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The chapel at Camp Zama is currently undergoing renovations.
The chapel at Camp Zama is currently undergoing renovations. (Jim Schulz / S&S)

CAMP ZAMA, Japan — The mildew gave off an awful smell and the sanctuary wasn’t the most pleasant place to worship.

So U.S. Army Japan and the Army chief of chaplains office pitched in to give Camp Zama’s chapel a much-needed $600,000 face lift.

“Like any old building you come into, there’s just a smell and a feel to it,” said Maj. Keith Croom, Zama Chapel Protestant chaplain and the resource manager. “This will enhance our worship experience.”

The building is one of the oldest at Zama and by all accounts probably should be replaced, Croom said. Parts of walls are rotted and the electrical system is antiquated.

It was built more than 50 years ago and underwent a $2.7 million renovation in 1998, according to base news records.

Under Japanese facilities-improvement project agreements, the government of Japan — which funds new buildings on U.S. bases — can’t build a replacement chapel since it’s not mission-related. The command and chief of chaplains office came to the rescue, pitching in $300,000 each.

“We didn’t have any choice but to renovate as much as we could,” Croom said.

Croom’s predecessor, Maj. Craig Burch, and Lt. Col. John Powers, U.S. Army Garrison-Japan chaplain began renovation planning about three years ago. Details were finalized a year ago.

The building will have a fresh coat of paint and other minor improvements such as new carpeting, but most of the renovation work is under the surface, including new window frames and the removal of mildew.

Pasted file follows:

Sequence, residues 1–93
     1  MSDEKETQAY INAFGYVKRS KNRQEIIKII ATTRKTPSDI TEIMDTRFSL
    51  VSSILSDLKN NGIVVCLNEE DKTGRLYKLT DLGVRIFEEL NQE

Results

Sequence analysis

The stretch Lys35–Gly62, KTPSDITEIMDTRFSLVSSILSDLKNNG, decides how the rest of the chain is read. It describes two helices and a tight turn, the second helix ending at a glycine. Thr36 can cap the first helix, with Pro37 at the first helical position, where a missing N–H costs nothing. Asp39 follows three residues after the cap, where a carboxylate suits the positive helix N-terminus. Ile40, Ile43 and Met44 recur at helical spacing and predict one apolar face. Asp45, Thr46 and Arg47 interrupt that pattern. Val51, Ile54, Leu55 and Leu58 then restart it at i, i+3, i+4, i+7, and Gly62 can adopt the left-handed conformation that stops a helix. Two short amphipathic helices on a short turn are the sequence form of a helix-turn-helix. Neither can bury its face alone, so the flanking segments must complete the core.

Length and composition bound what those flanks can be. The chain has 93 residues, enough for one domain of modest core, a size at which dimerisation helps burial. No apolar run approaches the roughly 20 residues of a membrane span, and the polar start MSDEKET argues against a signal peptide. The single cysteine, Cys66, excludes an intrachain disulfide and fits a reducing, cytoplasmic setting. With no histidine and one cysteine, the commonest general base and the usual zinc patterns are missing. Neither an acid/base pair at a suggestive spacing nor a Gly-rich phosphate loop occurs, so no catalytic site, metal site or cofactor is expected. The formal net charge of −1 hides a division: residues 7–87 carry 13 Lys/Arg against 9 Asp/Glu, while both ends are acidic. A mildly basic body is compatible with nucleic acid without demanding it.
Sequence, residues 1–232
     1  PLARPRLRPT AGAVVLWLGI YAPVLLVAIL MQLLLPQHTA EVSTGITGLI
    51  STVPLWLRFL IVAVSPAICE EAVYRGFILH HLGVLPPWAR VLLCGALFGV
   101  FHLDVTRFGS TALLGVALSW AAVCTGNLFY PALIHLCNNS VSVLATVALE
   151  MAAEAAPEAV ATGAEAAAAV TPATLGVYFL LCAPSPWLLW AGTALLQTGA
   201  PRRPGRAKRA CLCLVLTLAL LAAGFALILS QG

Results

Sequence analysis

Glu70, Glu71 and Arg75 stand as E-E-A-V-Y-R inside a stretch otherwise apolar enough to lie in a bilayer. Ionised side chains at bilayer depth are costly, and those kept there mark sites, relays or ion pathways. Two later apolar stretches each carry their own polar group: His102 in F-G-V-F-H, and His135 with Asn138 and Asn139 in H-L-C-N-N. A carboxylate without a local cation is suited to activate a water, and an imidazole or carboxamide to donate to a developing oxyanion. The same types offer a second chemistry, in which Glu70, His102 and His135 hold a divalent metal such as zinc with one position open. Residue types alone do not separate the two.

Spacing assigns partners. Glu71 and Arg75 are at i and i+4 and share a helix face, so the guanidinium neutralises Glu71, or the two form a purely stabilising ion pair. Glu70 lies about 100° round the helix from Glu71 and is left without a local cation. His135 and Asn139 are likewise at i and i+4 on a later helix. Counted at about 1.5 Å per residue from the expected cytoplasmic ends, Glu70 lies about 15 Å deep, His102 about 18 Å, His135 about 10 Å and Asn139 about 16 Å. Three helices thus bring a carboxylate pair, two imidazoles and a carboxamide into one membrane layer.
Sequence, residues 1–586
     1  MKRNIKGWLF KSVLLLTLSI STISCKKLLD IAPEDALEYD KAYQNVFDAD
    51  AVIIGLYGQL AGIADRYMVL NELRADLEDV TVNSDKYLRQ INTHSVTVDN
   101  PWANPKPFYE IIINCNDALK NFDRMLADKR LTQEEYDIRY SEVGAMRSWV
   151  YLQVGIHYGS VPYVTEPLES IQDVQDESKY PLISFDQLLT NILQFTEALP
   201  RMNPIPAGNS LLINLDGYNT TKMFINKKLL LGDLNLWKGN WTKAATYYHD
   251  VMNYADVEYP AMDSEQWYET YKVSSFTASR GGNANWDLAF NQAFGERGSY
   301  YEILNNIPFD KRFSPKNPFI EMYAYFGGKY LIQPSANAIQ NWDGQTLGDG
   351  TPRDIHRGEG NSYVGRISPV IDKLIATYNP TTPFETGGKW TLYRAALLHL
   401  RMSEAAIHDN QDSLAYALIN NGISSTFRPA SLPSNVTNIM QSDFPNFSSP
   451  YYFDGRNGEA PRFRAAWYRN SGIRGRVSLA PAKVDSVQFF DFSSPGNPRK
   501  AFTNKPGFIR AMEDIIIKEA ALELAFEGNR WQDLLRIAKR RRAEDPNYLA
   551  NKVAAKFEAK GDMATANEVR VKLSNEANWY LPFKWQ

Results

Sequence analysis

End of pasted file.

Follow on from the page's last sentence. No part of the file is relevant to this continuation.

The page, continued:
The renovations are designed to make the building more comfortable and more inviting to worshippers and the community. More than 400 people attend various services there each weekend, Croom said.

The renovation also shows the commitment to serving soldiers by the chief of chaplains office and local Army leaders, officials said.

“It was really encouraging to me to see that,” Croom said.

The renovations will have a major effect on the structure but it’s still very old, he added. The sanctuary also could use a few modern details, such as large, mechanical wall screens where music and lyrics can be projected during services. The screens also could be used for briefings to make the building more multipurpose, Croom said.

Services have been held in another building since the renovations began in April. The project is expected to be done by early September. Before the chapel reopens, Croom said the chaplains will hold a cookout and open house to let everyone peek into the improved building.

It will look fresher but probably not too different, Croom said.

“It’s just a really needed, serious face lift.”

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